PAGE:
Second Language Research, Methodology and Design
|Author:||Alison Mackey & Susan M. Gass (2005)|
|Publisher:||Mahwah, N.J.: Lawrence Erlbaum|
|Pp xv + 405||0-8058-4249-7||$41.95|
Second Language Research is not a pioneer in the field of giving guidelines to conduct research on second language learning and teaching. But, this kind of book is rare enough to deserve a special mention, especially because of the pedagogical effort made by the authors to explain to the budding researcher, in understandable language, what research is and how it should be done (and not done). James Dean Brown did this for me years ago, and for this I am eternally grateful to him.
"[I]n its most basic and simplest form, research is a way of finding out answers to questions" (p. 1) declare the authors at the beginning of the first chapter. This may sound like a truism, but the very simplicity of the definition describes exactly what a language teacher does daily: finds her/himself confronted with problems, interrogations, widening horizons and opening doors, crumbling certainties. What s/he will or will not do about it is another matter. It is the researcher's task to explore these thoughts and, sometimes find solutions, or at least explanations. This can be done with a large range of methods which are explained in this book.
Chapter 1 is an introduction to research that defines some key concepts such as quantitative and qualitative research, how to pose a research question (hypotheses), conduct the research and write a report. It ends with the idea that replicability is a criterion of validity for any research.
Chapter 2 is concerned with the ethical issues related to data gathering involving humans, especially consent and protocol preparation.
Chapter 3 gives guidelines on methodological tools for the collection of data: the importance of pilot testing to uncover unforeseen problems and flaws before the main research is carried out, the variety of collection measures and the choices that must be made according to the research questions (interaction, grammar, pragmatics), the study of language models, of interactions, of cognitive processes, the use of questionnaires and surveys, etc. Abundant examples of possible tasks to carry out the research are given. The chapter ends with references to existing databases containing data that has already been collected, transcribed and analysed.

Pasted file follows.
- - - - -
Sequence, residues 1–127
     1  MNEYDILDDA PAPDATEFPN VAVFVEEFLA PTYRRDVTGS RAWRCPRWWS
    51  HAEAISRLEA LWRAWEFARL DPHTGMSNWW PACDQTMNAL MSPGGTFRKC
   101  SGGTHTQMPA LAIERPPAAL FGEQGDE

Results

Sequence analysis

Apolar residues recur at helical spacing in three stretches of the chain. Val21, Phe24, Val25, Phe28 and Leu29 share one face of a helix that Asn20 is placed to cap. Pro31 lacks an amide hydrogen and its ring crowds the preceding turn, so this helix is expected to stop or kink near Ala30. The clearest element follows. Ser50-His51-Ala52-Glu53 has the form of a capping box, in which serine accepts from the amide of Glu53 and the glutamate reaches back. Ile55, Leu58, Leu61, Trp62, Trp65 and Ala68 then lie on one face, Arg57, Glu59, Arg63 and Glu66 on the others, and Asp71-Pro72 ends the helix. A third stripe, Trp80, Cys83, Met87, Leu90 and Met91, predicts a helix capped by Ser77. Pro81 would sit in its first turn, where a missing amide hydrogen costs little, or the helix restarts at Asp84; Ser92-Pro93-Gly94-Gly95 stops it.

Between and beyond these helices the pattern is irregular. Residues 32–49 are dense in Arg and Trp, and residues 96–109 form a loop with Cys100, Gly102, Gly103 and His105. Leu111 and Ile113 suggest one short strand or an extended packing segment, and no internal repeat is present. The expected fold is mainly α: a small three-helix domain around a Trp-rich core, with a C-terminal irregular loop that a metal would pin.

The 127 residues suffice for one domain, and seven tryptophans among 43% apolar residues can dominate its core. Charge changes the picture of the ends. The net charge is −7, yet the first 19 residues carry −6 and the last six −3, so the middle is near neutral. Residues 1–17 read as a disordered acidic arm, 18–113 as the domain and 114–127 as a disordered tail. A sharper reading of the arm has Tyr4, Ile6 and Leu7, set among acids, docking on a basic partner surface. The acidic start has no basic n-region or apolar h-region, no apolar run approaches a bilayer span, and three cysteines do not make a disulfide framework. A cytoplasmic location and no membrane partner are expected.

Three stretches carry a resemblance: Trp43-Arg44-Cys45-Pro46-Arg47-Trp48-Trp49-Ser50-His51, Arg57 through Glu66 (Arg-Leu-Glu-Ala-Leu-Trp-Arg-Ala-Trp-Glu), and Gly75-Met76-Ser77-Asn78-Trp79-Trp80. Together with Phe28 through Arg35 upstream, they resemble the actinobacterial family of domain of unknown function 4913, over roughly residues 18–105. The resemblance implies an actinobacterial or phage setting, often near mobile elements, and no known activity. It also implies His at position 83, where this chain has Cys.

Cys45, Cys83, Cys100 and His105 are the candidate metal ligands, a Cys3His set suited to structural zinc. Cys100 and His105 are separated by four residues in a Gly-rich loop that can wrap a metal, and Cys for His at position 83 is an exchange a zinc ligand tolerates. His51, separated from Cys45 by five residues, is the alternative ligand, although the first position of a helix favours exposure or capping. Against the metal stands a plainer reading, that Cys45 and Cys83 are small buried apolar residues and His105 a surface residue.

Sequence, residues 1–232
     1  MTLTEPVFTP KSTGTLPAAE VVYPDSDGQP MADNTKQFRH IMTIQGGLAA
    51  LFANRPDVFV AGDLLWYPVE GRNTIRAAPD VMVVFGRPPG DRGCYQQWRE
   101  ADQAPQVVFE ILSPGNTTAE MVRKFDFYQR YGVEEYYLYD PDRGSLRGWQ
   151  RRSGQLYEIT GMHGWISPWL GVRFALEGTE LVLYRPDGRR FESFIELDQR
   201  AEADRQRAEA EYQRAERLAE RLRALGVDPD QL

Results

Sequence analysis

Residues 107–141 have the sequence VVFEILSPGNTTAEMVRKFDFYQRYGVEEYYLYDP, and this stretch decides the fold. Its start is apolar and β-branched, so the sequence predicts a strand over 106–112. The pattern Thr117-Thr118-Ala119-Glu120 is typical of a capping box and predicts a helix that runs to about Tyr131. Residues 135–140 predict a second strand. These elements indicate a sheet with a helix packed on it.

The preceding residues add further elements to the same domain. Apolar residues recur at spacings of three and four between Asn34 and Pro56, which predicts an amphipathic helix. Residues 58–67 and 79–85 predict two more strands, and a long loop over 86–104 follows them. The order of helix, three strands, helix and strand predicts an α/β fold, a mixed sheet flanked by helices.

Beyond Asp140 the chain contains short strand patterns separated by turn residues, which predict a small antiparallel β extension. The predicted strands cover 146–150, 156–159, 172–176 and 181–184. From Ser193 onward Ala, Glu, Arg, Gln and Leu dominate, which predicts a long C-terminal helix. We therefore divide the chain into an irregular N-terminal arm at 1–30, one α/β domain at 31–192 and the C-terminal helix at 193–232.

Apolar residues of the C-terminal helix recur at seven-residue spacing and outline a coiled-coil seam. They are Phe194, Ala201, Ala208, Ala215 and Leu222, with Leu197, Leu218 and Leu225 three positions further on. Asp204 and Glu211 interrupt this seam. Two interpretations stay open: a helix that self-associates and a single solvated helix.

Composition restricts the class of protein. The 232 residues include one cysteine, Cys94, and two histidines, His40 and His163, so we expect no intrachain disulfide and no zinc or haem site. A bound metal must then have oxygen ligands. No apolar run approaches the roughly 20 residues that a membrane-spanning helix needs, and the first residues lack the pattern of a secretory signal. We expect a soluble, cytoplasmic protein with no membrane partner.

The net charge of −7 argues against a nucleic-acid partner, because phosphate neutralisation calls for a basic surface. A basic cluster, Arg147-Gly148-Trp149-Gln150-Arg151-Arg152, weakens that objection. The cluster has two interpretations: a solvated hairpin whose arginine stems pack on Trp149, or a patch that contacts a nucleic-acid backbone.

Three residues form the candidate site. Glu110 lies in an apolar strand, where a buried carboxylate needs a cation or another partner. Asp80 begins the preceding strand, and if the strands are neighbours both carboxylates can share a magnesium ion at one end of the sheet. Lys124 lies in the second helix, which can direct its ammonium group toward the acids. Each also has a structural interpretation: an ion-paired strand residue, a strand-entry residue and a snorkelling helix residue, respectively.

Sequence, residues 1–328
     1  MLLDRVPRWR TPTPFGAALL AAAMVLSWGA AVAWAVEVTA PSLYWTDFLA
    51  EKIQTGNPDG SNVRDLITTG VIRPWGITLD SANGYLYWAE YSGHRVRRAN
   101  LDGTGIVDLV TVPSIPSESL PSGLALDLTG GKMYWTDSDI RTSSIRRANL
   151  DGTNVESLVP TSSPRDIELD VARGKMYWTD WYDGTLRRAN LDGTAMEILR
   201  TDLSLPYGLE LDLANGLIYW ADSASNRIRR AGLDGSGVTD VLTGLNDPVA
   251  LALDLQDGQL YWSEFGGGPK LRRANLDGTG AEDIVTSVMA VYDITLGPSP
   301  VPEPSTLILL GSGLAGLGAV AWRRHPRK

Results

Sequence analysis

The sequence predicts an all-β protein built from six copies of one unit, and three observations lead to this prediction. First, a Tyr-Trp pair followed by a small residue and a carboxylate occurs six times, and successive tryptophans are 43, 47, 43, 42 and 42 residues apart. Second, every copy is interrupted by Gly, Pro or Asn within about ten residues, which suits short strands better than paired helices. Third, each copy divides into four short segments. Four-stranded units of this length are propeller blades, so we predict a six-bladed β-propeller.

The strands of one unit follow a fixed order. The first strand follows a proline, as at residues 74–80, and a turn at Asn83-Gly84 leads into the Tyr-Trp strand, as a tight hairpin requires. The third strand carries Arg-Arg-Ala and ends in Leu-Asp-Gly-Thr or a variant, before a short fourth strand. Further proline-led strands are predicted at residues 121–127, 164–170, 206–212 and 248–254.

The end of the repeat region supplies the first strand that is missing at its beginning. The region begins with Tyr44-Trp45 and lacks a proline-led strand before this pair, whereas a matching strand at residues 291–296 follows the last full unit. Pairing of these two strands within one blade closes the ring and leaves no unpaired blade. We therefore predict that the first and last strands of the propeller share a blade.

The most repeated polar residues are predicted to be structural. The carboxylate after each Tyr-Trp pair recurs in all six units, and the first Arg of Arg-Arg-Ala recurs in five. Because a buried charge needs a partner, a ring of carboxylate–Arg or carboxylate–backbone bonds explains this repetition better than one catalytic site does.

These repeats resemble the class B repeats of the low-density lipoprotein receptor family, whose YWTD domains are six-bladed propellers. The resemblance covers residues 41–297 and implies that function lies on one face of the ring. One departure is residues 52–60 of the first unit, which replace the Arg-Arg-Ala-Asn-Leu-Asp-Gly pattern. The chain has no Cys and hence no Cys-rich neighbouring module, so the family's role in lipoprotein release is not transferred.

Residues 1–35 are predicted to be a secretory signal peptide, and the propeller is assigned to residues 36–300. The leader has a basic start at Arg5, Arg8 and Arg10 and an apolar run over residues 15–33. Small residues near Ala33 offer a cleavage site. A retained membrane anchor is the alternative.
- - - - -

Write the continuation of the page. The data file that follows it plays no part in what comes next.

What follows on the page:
Chapter 4 deals with the concepts necessary for understanding how to design a study in second language research. In a research project, it is important to identify, include and control variables (independent, dependent, etc.). Then the internal and external validity has to be assessed, paying particular attention to the participants (language learning experience, proficiency, maturation, etc.). Testing, sampling, representativeness and generalisability are also presented here. Finally, the authors discuss reliability.
Chapter 5 is devoted to quantitative studies and Chapter 6 to qualitative research. The latter is more convincing than the former in that it covers this field more broadly than the former.
Classroom research, which is what most teachers do, day after day, even unconsciously, is discussed in Chapter 7: the contexts, purposes and types of classroom observation, data collection techniques, introspective methods, practical considerations and finally action research.
Chapter 8 is more technical in that it deals with coding the data gathered during study and observation with the attendant question of reliability.
After coding comes analysis which is the subject of Chapter 9. The main points of descriptive and inferential statistics are explained.
The main body of the book ends appropriately, in Chapter 10, on concluding and reporting research.
At the end of the book, we find more than eighty pages of appendixes: various official models of documents such as consent forms, discourse transcription conventions, a glossary of terms used in research, bibliography, an author index and a subject index
Why did Alison Mackey and Susan M. Gass wait so long to write this book? It would have become my Bible when I started doing research in foreign language learning and teaching. No doubt students in the field and young colleagues, starting out, will feel that here is what they have always wanted to know about the subject, at least until they develop their own analyses. The book has been written with just those novice researchers in mind, with questions for better understanding and further research at the end of each chapter. It is a course book for the future didactician.
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